Experiences with Red Hat Network RHN on VMware (supported?)

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Hello community!

 

Our company is looking forward to install Red Hat Network (RHN) 5.5 for managing our RHEL environment.

Because we don't want to invenst in additional hardware, we'd like to use a VMware ESXi 4.1 virtual machine (migration to 5.1 is in progress) for this.

I suppose that this setup is supported because I found no dedicated support matrix for RHN 5.5 and ESXi is fully supported for RHEL 6.

Am I correct?

 

Has anybody of you guys personal experiences with this setup? How big the environments you're managing? What's about performance?

 

Best regards from germany,

Christian.

Responses

Our RHN (or Satellite Server) currently accomodates approx 400 nodes.  It is a physical server with 2 x 1G ethernet connections, 16 x proc cores and 96GB of memory (memory is total overkill), connected to a SAN. 

Based on my experience (so far), my focus would be

  • memory
  • network
  • disk (both for available space and performance)
  • cpu (I have not seen issues with the server being CPU bound)

My first response for building ANY new system is: Virtualize.  And if the response is no, then I ask why.  As for Sat Server - if I was to rebuild mine, I would most likely Virtualize it using RHEV or KVM.

I assume you have confidence in your VMware infrastructure, which I assume is a shared infrastructure, in that it will meet your performance and sizing requirements.  There is an Oracle database (if you install the embedded release) which occasionally puts a load on the system, but a majority of the time I see Java(tomcat) consuming the most resources.

To answer your question: It depends ;-)  I do not see any show-stopper why you could not build your Sat Server in VMware (other than the bullet points above combined with how large your environment is).  I would be sure to build my Sat Server in such as way that made migrating to a new host as easy as possible (i.e. use separate VGs and LVs for Satellite Server mount points.)
I have not heard of a hardware dependency for Satellite.  I believe it simply needs a supported base OS.

Hello James,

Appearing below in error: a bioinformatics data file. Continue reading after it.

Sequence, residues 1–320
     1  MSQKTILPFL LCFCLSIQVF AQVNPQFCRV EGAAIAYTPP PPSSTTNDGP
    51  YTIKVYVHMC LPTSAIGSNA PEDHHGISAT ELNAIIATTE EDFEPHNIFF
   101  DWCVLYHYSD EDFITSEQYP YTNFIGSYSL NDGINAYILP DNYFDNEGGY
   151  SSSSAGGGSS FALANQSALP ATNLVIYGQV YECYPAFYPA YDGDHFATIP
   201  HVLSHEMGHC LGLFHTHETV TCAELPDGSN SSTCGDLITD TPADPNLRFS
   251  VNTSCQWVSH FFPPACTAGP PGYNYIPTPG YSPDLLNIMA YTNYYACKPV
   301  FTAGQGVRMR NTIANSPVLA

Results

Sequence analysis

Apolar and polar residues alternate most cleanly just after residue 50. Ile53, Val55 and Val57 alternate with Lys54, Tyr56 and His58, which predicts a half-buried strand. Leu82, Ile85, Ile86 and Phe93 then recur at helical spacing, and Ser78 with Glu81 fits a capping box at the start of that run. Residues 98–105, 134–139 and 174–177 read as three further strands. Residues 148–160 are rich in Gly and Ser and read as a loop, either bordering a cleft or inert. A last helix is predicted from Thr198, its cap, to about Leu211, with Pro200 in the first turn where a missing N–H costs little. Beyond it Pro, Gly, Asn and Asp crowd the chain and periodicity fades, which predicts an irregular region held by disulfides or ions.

thank your very much for your feedback!

I completely agree you to virtualize every new system. It is one of our company's missions to virtualize every server that has no special hardware requirements. As I'm also a VMware administrator I had a look at our farm - I'm sure that there should be no "performance show stopper" from the "VMware view".

I'd like to use the standalone database configuration because we have a dedicated Oracle database cluster - that also lowers the requirements for the virtual hardware.

How many space does your RHN need? We need to keep updates and packages for RHEL 5 and 6 (both i686 and x86_64). I couldn't find information about how big these repositories will be on the Red Hat page (or I wasn't searching deeply enough).

 

Best regards and thanks for the information!

I run my satellite server (version 5.5) /  RHEL 6.4 on VMware 5 without any issues.   Been running solid for well over a year now using the standalone Oracle instance.   I initially built it with 16 GB RAM and 4 Procs, but have increased the memory footprint to 24 GBs.   I have around 100 systems being management by it without issues.    BTW, this server started out on our VMware 4.x environment and upgraded to 5.x without any issues.   Performance is excellent.   I am also running a Spacewalk server with PostgreSQL as the DB with about the same load and the performance is equal to it's Satellite counterpart.  On both environements, I run 3 channels (dev, qc, and prod) a lot of configuration managemnet, kickstart / cobler profiles (and monitoring agents on the Spacewalk instance).  The servers are both AD bound with multiple users accessing it.   Have the abillity to snap it before upgrades and maintainence makes it so worth it.   

Good Luck with it.   

Thanks for pointing to those docs, Diaulas.

With an efficient virtualization solution, there's really no good reason not to host a Satellite Server on a VM (worst case, you'll end up with a 1:1 consolidation ratio). Dynamic addition of storage, RAM and CPU if your app grows beyond its expected footprint? Ability to checkpoint before each major software load, system patch, etc.? Yes please.

All our repos run on VMs. Granted, we don't currently use the KickStart functionality, but, even if we did, we're not so frequently KickStarting new systems so as to require heinous amounts of resources to accommodate it.